Thursday, April 3, 2014

Business and industry—Veblen validated by 60 Minutes

Thorstein Veblen is best known for coining the expression “conspicuous consumption.” But a very good argument could be made that his biggest contribution towards understanding modern societies is his lesser-known distinction between business and industry. (See a graphic representation of this class analysis.)

According to Veblen, business is a manifestation of the Leisure Classes who employ the strategies of force and fraud to obtain wealth from their targets. Industry is the strategy of becoming prosperous by trying to market something extremely difficult to make and doing it very well.

Not surprisingly, this formulation has horrified a wide assortment of social observers. The Marxists hate it because it suggests that there is a whole stratum of useful and highly productive “capitalists.” The right wing hates it because it points out that many who call themselves capitalists are nothing more than a bunch of thieves. Because it has become so controversial over the years, Veblen’s distinction between business and industry has disappeared even in academic courses devoted to his writings.

And yet, the idea does not die because every so often it is displayed in all its magnificent glory. Last Sunday night was such an occasion. The first segment of 60 Minutes was devoted to Michael Lewis discussing his new book on the practice of ultra high-speed flash trading. This is a perfect example of business as fraud because while it enriches a few people who have figured out how to front-run trades in the markets, it adds absolutely nothing to the functioning of the real economy but rather harms it by diverting capital into piles of utter uselessness.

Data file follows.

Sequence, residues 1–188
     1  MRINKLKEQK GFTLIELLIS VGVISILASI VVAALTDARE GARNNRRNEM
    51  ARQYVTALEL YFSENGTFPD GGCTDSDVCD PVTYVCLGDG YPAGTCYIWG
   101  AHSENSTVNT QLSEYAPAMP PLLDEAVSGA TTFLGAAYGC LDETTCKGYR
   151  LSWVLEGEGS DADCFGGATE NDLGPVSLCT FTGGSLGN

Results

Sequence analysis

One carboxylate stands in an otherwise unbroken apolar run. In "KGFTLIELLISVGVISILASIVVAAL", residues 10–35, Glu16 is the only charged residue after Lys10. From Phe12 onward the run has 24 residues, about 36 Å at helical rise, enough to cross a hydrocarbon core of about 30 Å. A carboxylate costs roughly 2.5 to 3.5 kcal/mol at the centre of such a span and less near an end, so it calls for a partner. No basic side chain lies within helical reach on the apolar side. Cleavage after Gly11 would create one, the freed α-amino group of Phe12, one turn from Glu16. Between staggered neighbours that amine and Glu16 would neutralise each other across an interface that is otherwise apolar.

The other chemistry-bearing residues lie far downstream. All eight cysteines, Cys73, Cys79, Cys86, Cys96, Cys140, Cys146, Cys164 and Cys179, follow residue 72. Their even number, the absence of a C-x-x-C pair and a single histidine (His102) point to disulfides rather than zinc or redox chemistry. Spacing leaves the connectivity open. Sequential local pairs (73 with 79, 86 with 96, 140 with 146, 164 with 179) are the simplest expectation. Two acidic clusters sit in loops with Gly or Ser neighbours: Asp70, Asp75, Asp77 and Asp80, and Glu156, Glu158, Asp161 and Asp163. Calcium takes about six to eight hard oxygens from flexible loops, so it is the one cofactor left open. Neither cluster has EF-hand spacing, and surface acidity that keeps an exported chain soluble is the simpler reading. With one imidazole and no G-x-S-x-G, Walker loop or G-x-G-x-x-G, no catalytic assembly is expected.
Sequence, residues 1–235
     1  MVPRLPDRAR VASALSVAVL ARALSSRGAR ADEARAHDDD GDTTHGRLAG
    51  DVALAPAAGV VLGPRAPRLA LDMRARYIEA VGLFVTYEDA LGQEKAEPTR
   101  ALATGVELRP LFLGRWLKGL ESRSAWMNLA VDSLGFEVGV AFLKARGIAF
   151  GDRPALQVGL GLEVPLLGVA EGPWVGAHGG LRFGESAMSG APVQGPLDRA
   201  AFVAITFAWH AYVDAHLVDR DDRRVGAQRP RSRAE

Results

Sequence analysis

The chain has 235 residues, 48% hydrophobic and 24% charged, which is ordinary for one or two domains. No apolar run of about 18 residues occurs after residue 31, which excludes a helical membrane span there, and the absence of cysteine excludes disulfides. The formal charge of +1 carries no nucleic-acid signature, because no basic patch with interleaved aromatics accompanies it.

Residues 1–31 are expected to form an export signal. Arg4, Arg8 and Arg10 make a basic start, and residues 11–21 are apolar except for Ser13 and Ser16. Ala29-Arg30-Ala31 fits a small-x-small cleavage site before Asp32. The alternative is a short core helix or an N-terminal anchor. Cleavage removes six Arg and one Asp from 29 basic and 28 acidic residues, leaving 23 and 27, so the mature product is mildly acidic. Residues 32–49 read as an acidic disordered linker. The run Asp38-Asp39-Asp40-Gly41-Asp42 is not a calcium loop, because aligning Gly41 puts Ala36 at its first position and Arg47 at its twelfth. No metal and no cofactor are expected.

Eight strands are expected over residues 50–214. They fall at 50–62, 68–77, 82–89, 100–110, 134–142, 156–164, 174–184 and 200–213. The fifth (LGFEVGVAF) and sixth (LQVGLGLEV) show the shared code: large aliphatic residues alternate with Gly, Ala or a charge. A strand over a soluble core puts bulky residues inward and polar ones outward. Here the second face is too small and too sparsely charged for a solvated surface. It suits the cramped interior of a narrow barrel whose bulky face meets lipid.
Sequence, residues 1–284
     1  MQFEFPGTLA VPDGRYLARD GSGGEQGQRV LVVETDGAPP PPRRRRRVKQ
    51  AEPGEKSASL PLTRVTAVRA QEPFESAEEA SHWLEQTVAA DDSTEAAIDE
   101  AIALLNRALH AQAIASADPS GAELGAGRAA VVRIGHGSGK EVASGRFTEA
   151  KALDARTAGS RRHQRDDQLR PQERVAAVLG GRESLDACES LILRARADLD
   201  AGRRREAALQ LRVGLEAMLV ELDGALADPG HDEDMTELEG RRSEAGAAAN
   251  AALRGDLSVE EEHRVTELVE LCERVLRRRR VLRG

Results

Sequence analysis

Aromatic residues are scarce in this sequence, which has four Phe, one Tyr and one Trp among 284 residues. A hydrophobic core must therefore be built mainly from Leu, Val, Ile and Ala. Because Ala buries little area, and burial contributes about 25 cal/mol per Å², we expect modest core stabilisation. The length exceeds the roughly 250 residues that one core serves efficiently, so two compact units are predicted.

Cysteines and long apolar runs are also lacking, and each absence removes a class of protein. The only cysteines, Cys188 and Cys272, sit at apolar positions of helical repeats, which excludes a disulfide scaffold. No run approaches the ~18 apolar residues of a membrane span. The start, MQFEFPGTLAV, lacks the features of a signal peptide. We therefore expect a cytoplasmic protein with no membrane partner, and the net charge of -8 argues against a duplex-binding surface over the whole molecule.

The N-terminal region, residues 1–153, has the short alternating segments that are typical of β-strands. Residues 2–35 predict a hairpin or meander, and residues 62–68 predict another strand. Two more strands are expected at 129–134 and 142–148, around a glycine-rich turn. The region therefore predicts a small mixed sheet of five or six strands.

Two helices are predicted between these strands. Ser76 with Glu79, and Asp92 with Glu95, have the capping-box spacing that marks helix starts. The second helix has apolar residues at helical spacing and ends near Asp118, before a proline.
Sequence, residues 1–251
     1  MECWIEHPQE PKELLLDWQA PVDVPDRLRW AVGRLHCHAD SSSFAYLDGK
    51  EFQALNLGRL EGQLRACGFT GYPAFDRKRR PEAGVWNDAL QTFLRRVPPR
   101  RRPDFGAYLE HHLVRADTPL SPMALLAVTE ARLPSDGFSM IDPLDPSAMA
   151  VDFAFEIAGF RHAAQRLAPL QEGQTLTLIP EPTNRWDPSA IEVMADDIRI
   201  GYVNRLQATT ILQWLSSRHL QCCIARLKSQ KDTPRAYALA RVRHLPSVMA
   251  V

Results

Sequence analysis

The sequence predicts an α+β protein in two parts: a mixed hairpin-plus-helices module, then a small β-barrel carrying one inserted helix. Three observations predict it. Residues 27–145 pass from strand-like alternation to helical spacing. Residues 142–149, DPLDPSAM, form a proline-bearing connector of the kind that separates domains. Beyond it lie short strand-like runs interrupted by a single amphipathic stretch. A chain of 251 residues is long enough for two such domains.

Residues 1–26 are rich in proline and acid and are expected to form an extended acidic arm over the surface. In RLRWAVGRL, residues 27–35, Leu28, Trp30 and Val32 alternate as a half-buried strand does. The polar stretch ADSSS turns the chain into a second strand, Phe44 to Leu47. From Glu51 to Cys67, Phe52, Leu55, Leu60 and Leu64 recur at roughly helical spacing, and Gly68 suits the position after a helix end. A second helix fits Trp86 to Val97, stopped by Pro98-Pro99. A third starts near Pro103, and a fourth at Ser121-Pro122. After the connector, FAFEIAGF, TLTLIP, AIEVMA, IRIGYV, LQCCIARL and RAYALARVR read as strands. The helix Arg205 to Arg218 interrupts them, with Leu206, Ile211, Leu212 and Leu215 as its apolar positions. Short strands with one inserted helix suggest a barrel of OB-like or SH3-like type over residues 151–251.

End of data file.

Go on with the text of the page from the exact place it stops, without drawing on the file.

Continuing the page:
After this segment on capitalism as sociopathic behavior, 60 Minutes sought to balance that gruesome business tale with something more uplifting.  And so we were treated to a profile of the brilliant young industrialist named Elon Musk. His credentials are amply demonstrated because he started a car company that builds a stunningly beautiful, insanely fast, remarkably quiet, and fastidiously crafted all-electric model called the Tesla S. In doing so, Musk has accomplished the seemingly impossible—he has made at least one electric car that is very cool.

Because USA has spent the last 35 years de-industrializing, a mainstream media company like CBS has lost its ability to tell an industrial story correctly. And so because their segment makers believe that all cars go vroom, vroom, they inserted an audio track from an internal combustion engine into a story about an all-electric car.

But even when CBS gets the story wrong and social scholars dismiss the idea that there really is a difference between business and industry, the public gets it. You could see how well when Steve Jobs died. Jobs was known to be very difficult to work for, was pretty ruthless, and was richer than God, yet his death was greeted with an outpouring of grief that included spontaneous shrines surrounded with piles of flowers. This at a time when the criminals on Wall Street were being subjected to angry protests.

Business and Industry. There are few ideas that explain more.

1 comment: